2021 Olympia City Council Position 7 Candidates

Incumbent Jim Cooper vs. Tyrone Brown vs. Spence Weigand

Heard around Olympia:

“I don’t know anything about these people.”

What people? These people: The 14 who are running for five seats on the Olympia City Council. Of the five races, four have primary races involving three candidates. In each of the four, two will advance based on the August 3 primary election results.

That’s a lot of candidates, and it is unusual for five seats to be up for grabs in a single year. The races are non-partisan and despite the fact that council candidates run for a position, all are elected “at-large,” meaning city residents may vote in all five races. 

Also in the large number category, and sure to grow exponentially leading up to the November general election, is the amount of money the 14 have raised – a total of nearly $225,000. 

Ballots hit mailboxes this week, along with glossy campaign literature touting candidates’ credentials, accomplishments and endorsements.

It’s a lot to sort through and digest. So The Olympia Tribune decided to let the candidates tell you about themselves in answers to eight questions that delve into their knowledge of the council, their priorities and specific things they hope to accomplish if elected. 

Council members earn $22,000 and a $3,800 benefit stipend per year and serve four-year terms, unless they are filling the remainder of a term for a seat left vacant by a resignation, as is the case this year. The council is responsible for passing the annual city budget and appoints and directly oversees the city manager, who is in charge of day-to-day operations, including those of the Olympia Police Department. Members prepare for and attend weekly council and council committee meetings, serving on regional boards such as Intercity Transit and take constituent phone calls, among their many tasks. In all, that often amounts to more than 40 hours a week, typically on top of their full- or part-time jobs.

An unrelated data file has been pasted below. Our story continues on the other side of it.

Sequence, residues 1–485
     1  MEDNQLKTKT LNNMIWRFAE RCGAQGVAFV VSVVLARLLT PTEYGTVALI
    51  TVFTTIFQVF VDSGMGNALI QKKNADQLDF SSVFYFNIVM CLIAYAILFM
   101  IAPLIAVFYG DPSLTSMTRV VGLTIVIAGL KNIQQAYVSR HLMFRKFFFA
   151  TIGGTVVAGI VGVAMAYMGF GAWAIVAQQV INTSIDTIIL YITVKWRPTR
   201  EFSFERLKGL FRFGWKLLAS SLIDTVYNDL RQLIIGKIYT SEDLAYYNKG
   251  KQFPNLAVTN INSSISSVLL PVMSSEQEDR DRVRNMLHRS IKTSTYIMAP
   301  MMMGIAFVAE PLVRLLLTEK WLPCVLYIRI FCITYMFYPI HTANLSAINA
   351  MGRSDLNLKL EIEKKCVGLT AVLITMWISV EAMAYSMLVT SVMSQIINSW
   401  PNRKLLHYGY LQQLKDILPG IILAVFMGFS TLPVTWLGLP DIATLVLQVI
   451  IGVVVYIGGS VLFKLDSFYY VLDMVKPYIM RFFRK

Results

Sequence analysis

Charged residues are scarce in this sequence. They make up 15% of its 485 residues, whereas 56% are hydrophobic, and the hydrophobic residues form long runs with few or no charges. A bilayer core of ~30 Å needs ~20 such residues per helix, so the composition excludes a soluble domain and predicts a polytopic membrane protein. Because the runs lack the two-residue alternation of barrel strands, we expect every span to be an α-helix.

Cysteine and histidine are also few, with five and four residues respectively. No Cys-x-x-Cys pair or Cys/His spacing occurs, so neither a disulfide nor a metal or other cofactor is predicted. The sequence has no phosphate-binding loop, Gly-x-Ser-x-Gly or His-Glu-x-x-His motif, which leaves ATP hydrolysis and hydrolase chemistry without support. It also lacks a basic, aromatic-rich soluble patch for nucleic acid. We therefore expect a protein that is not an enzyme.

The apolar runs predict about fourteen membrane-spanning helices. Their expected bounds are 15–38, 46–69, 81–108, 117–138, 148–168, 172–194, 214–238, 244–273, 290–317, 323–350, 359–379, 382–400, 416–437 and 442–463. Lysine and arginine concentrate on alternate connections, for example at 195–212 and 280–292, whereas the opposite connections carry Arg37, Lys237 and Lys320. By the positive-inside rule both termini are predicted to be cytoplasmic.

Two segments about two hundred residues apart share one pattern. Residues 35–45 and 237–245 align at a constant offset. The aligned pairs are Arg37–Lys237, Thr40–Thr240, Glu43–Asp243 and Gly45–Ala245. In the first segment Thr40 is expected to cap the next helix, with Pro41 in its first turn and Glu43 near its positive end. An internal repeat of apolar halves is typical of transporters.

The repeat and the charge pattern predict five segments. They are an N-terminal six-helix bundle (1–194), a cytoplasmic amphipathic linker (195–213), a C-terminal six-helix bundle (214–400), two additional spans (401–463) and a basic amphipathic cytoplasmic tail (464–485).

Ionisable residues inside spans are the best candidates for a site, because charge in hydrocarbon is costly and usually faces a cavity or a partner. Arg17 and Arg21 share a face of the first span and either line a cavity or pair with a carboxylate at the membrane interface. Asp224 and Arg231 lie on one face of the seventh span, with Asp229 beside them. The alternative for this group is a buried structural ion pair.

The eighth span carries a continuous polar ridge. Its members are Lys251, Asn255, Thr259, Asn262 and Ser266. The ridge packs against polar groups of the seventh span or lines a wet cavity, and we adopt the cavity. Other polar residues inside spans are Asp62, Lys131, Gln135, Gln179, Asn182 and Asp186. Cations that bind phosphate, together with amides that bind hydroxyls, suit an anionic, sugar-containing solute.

In the past four years, and especially in the recent past, council members have wrestled with the incredibly thorny issues of police reform; public safety; incorporating equity and diversity and inclusion into how the city does its daily business; homelessness and housing; neighborhood zoning; property purchases and use; pandemic-related issues experienced by small businesses and their employees, workers at a high risk due to COVID 19, landlords and renters, and others; and how the city communicates what it is doing. 

These issues, and others that certainly can’t be anticipated now (who, after all, could have predicted the pandemic and its fallout), will be before the council in 2022 and beyond. Who gets elected to the council really does matter – it’s where issues vitally important to our community are debated and decided. 

Also, The Tribune encourages you to vote!

The Thurston County Auditor’s Elections Division has mailed more than 187,000 ballots for the Aug. 3 primary.  
 
If you are registered and have not received a ballot by Wednesday, July 21, please contact the Auditor’s Office at (360) 786-5408 or elections@co.thurston.wa.us.

You may vote by mail (no stamp required) or return your ballot at one of the 29 secure ballot drop boxes available throughout the county. A list of locations and addresses is included in the mailed ballot materials and online at ThurstonVotes.org.
 
Ballots must be postmarked by August 3. Please check mailboxes for pickup times to make sure your ballot will be postmarked by Election Day. If you miss your household’s mail pickup time, ballot drop boxes are open until 8 p.m. on Aug. 3. 
 
You can register to vote, get a replacement ballot and vote using an accessibility voting device at the Voting Center located at 2400 Evergreen Park Dr. SW, Olympia, WA 98502.  Drive-through voter services are available at this location. The center is open:

  • July 14 through August 2, Monday to Friday from 8 a.m. to 4:30 p.m.
  • On Election Day, Tuesday, August 3, 2021, from 8 a.m. to 8 p.m. Any voter in line at the voting center at 8 p.m. on Election Day can vote. 

The Candidates

League of Women Voters candidate forum: NA at time of publication.  

Note: Campaign contributions and expenditures are the amounts reported to the state Public Disclosure Commission as of July 15.

Tyrone Brown

Occupation: Statewide Organizer for the Tenants Union of Washington